Speaking to the Cyprus Mail, Danish ambassador Klynge said there was a “fantastic atmosphere” in the seminar, with a real engagement and sense of commitment on behalf of the private sector to be more vocal during the peace negotiations.

International relations and Cyprus expert James Ker-Lindsay said the economic and business arguments raised at the seminar were “utterly compelling”.

“It is just so clear that with a solution there are going to be enormous benefits. The other message that came out of this is that if a deal is reached, it’s going to require business leaders to really come out and support it,” he said.

The London School of Economics-based academic noted that the last time a solution plan was on the table in 2004, there was a very negative and hostile atmosphere which may have put off business leaders from voicing their support, along with fears that a solution would be economically damaging.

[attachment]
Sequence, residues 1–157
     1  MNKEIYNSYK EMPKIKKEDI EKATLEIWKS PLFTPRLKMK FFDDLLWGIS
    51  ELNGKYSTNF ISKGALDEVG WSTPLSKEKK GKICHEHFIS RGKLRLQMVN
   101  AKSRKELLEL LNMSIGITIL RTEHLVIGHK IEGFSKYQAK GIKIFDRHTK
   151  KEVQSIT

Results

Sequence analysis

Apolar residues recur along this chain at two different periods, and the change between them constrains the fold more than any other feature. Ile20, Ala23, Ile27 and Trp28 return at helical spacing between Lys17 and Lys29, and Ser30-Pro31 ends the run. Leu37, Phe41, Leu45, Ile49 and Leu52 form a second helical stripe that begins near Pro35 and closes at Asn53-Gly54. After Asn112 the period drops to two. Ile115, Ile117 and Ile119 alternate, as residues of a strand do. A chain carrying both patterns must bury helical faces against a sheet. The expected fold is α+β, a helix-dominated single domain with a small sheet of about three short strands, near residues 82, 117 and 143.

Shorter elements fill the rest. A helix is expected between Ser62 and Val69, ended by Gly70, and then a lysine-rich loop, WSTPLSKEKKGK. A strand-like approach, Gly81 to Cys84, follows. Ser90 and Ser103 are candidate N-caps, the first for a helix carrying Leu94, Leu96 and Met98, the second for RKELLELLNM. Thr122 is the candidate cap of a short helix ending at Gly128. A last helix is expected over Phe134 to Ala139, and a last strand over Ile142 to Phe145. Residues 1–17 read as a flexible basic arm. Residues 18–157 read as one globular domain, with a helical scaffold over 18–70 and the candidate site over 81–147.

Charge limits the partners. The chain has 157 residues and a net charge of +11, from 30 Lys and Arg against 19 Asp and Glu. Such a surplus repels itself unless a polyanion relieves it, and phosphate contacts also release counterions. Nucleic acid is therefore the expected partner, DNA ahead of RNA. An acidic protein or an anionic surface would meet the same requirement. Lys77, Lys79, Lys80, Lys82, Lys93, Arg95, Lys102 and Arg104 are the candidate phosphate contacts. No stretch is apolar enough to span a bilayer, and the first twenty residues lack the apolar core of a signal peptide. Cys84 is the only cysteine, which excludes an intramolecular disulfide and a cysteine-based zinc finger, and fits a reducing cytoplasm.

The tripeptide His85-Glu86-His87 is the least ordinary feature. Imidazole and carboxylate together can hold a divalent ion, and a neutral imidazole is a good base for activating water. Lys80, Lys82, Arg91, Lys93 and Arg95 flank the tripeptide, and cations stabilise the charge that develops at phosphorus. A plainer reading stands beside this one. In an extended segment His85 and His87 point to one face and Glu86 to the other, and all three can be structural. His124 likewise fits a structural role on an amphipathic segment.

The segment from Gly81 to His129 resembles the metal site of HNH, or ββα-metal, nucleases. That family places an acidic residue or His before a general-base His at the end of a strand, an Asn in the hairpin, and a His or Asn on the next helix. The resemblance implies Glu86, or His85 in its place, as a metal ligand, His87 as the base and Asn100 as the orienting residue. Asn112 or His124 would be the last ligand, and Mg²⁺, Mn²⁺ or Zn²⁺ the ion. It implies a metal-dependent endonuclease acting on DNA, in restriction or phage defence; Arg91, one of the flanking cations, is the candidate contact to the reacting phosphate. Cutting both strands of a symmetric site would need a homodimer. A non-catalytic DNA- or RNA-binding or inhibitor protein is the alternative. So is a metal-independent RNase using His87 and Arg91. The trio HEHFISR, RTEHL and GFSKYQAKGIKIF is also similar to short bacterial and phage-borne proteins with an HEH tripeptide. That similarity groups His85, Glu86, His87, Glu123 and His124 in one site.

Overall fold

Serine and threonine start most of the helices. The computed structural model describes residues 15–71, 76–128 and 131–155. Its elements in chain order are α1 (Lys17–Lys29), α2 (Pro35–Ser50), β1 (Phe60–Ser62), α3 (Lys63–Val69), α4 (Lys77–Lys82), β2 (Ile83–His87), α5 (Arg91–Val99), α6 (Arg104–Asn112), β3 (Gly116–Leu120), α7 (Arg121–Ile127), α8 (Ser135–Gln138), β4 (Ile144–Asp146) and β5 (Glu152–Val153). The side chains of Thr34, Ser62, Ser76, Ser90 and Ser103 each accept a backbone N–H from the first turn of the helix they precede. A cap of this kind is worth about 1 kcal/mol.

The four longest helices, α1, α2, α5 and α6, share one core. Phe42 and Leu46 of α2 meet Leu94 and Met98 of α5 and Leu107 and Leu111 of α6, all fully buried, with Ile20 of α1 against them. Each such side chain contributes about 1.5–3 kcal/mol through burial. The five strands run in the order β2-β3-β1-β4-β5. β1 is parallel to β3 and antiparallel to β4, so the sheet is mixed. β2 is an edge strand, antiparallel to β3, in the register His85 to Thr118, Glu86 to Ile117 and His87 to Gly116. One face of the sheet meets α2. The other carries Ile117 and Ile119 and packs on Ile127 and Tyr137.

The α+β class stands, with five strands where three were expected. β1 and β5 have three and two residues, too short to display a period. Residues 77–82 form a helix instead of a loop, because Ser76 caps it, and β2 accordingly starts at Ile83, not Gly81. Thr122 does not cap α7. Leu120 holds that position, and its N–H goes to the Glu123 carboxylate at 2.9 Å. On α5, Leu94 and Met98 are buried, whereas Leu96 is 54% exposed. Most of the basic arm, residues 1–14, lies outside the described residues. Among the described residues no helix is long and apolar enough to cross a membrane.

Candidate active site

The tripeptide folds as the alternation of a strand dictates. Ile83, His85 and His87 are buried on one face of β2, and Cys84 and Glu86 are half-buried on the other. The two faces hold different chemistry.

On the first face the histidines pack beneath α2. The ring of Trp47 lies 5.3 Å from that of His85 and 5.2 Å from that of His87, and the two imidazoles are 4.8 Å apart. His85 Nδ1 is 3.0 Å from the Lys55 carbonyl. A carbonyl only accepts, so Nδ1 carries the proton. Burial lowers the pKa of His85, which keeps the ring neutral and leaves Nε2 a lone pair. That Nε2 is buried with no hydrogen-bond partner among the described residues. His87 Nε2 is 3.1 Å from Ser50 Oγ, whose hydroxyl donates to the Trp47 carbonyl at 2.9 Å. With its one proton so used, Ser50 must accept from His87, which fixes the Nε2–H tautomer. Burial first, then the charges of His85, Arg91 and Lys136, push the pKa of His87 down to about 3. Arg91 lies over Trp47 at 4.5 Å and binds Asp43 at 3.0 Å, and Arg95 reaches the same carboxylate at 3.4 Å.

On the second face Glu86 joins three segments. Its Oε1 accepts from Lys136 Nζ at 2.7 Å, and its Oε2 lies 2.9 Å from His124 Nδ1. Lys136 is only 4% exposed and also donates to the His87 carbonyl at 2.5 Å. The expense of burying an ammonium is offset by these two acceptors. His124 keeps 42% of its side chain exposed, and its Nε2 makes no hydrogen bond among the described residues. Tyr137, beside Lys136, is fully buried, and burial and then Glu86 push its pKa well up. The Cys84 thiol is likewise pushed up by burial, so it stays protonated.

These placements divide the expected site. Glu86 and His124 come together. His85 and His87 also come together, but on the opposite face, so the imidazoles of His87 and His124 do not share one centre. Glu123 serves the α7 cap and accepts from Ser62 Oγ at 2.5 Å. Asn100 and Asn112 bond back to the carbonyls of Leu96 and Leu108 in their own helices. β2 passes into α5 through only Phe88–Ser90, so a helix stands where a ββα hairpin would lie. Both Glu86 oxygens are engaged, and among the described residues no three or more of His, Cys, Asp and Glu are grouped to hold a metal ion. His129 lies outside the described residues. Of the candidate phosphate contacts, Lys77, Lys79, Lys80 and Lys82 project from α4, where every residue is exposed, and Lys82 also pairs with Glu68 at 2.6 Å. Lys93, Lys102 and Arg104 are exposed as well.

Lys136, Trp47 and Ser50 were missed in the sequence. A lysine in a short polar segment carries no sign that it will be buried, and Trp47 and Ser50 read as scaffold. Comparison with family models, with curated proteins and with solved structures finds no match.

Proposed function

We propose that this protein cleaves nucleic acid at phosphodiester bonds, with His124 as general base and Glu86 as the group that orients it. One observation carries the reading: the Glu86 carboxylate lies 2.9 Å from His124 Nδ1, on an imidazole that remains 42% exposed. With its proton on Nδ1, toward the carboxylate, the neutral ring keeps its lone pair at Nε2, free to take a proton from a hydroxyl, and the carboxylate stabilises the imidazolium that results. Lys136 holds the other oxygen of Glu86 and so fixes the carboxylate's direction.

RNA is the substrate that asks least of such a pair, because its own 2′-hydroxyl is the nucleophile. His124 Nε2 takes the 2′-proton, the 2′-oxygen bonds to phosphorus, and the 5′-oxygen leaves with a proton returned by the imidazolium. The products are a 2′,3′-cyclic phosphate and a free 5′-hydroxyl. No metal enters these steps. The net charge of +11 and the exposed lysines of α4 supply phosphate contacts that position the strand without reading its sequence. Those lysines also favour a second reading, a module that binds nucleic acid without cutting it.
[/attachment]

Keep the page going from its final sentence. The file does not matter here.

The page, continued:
“That’s not the case now. I hope this time round, if a deal is done and agreed upon, it is absolutely vital that business leaders speak up, come out and say, this means jobs, economic investments, growth. That’s the clearest message. People have to be informed.”

According to economist Fiona Mullen, preliminary estimates on government revenues post-solution suggest that in the long-run, at least in terms of GDP, a solution would pay for itself as the benefits are clearly “much bigger than the cost”.